Aluminized Steel Often used in professional bakeware lines, aluminized steel conducts heat well and has a durable and tough construction, allowing for years of use. It comes in traditional and non-stick surfaces. Nonstick surfaces can scratch if proper care is not taken.
Cast Iron Cast-iron retains heat and bakes foods evenly. Some models are coated with enamel, which makes for easy cleanup. Cast-iron is heavy. Non-coated cast-iron requires extra care to prevent rust.
Ovenproof Glass Glass is easy to clean and dishwasher safe. It keeps food from over-browning, and you are able to see the food as it cooks from all sides, including the bottom, which helps when checking for doneness. Glass bakeware is also versatile. You can use it to prepare and bake food and then serve from it and store in it. Glass is breakable. It is not the best conductor of heat.
Ceramic Generally made of stoneware or porcelain, ceramic is a good insulator of heat and is strong and durable. Ceramic also makes an attractive serving dish. Ceramic is breakable.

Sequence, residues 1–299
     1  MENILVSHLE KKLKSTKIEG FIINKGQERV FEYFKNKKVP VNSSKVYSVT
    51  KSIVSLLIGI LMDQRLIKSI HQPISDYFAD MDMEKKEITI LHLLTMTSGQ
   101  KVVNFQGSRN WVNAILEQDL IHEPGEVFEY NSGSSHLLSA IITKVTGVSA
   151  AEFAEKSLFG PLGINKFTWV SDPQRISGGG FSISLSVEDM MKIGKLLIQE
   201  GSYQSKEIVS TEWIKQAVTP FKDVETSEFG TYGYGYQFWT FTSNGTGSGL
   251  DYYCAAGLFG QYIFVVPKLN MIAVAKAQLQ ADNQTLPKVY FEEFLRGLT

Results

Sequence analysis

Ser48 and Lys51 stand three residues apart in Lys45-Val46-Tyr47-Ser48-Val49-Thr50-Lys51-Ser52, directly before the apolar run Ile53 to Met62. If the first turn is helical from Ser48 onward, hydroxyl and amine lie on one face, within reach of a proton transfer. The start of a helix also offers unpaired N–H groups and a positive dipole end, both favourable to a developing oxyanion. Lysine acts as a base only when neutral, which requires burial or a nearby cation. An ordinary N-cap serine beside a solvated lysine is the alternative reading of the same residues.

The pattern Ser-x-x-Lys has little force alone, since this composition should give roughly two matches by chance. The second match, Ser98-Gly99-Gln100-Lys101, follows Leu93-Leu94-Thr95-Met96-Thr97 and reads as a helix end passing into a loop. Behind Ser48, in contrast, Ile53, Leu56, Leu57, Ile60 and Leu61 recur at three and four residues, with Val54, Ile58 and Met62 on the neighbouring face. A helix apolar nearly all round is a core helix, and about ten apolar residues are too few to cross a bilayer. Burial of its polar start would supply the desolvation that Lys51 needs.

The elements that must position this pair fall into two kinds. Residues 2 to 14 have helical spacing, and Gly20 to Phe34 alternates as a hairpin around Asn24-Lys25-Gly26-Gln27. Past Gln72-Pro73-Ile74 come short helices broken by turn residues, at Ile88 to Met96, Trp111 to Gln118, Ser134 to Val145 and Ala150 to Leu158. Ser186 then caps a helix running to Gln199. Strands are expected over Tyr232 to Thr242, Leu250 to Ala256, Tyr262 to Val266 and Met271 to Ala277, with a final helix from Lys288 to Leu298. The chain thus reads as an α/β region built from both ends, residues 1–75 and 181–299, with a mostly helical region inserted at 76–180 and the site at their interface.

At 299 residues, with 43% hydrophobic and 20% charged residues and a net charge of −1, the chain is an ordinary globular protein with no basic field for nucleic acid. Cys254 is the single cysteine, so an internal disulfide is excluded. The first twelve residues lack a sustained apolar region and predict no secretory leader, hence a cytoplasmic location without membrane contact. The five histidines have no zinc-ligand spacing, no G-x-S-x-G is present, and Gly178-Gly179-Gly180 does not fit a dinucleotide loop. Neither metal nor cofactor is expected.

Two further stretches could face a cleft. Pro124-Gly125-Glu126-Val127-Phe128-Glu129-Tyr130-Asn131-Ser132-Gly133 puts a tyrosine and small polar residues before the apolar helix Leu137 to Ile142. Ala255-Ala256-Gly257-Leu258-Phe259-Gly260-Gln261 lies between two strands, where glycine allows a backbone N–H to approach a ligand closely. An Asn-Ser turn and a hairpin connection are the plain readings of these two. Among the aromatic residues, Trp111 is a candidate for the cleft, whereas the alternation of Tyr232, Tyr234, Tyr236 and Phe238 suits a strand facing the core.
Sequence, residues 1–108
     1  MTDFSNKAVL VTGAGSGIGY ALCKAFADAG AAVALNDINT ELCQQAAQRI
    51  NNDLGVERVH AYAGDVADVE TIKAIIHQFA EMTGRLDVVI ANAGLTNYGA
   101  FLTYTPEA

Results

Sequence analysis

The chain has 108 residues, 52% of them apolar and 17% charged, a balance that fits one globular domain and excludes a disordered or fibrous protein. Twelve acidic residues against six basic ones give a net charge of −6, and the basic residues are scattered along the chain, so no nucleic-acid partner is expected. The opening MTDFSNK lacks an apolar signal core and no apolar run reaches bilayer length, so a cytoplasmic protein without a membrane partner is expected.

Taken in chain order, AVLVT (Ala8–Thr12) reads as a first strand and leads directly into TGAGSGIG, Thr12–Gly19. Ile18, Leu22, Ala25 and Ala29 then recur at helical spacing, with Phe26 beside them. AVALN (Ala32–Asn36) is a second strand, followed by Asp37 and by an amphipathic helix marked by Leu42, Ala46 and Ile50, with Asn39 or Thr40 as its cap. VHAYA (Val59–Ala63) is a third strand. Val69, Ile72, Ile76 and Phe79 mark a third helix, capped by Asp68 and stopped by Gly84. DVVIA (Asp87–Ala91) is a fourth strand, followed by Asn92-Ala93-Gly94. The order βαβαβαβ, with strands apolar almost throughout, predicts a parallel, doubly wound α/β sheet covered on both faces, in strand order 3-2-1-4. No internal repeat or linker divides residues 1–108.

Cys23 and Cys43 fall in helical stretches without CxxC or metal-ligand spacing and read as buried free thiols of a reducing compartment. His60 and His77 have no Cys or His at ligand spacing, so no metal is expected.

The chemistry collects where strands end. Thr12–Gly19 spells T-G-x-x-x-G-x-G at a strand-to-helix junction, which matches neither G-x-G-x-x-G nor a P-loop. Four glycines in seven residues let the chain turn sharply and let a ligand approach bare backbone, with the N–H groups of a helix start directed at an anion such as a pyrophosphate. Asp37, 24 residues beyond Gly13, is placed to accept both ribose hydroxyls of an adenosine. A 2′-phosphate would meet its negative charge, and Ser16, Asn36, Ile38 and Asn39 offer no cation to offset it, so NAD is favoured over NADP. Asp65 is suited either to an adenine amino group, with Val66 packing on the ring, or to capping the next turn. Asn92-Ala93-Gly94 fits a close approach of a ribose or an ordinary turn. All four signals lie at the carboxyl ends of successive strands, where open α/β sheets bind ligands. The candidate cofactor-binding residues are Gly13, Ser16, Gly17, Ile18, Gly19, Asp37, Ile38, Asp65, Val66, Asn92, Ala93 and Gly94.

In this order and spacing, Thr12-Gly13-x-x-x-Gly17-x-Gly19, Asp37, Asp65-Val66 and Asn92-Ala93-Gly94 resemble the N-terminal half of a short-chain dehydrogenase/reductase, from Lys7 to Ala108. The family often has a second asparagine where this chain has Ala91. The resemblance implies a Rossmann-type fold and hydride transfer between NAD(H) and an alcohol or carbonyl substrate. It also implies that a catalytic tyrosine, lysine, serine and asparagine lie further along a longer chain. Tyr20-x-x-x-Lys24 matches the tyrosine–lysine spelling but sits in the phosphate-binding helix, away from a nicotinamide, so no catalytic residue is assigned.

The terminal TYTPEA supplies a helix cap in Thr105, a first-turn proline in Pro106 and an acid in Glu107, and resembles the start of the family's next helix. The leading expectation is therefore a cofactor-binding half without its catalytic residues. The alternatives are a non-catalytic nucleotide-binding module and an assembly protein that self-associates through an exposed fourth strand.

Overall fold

Silicone Silicone provides even heat distribution and baked items easily come free. It can withstand high temperatures and can be used in the oven, microwave and put in the freezer. It is also dishwasher safe and flexible, which makes for easy storage. Silicone can be damaged by sharp utensils such as knives. (It also cannot be placed on or near an open flame.)
Carbon Steel Carbon steel provides quick high heating and is very durable. Does not conduct heat as well as other materials. Will rust easily if not seasoned.
Other key features you will want: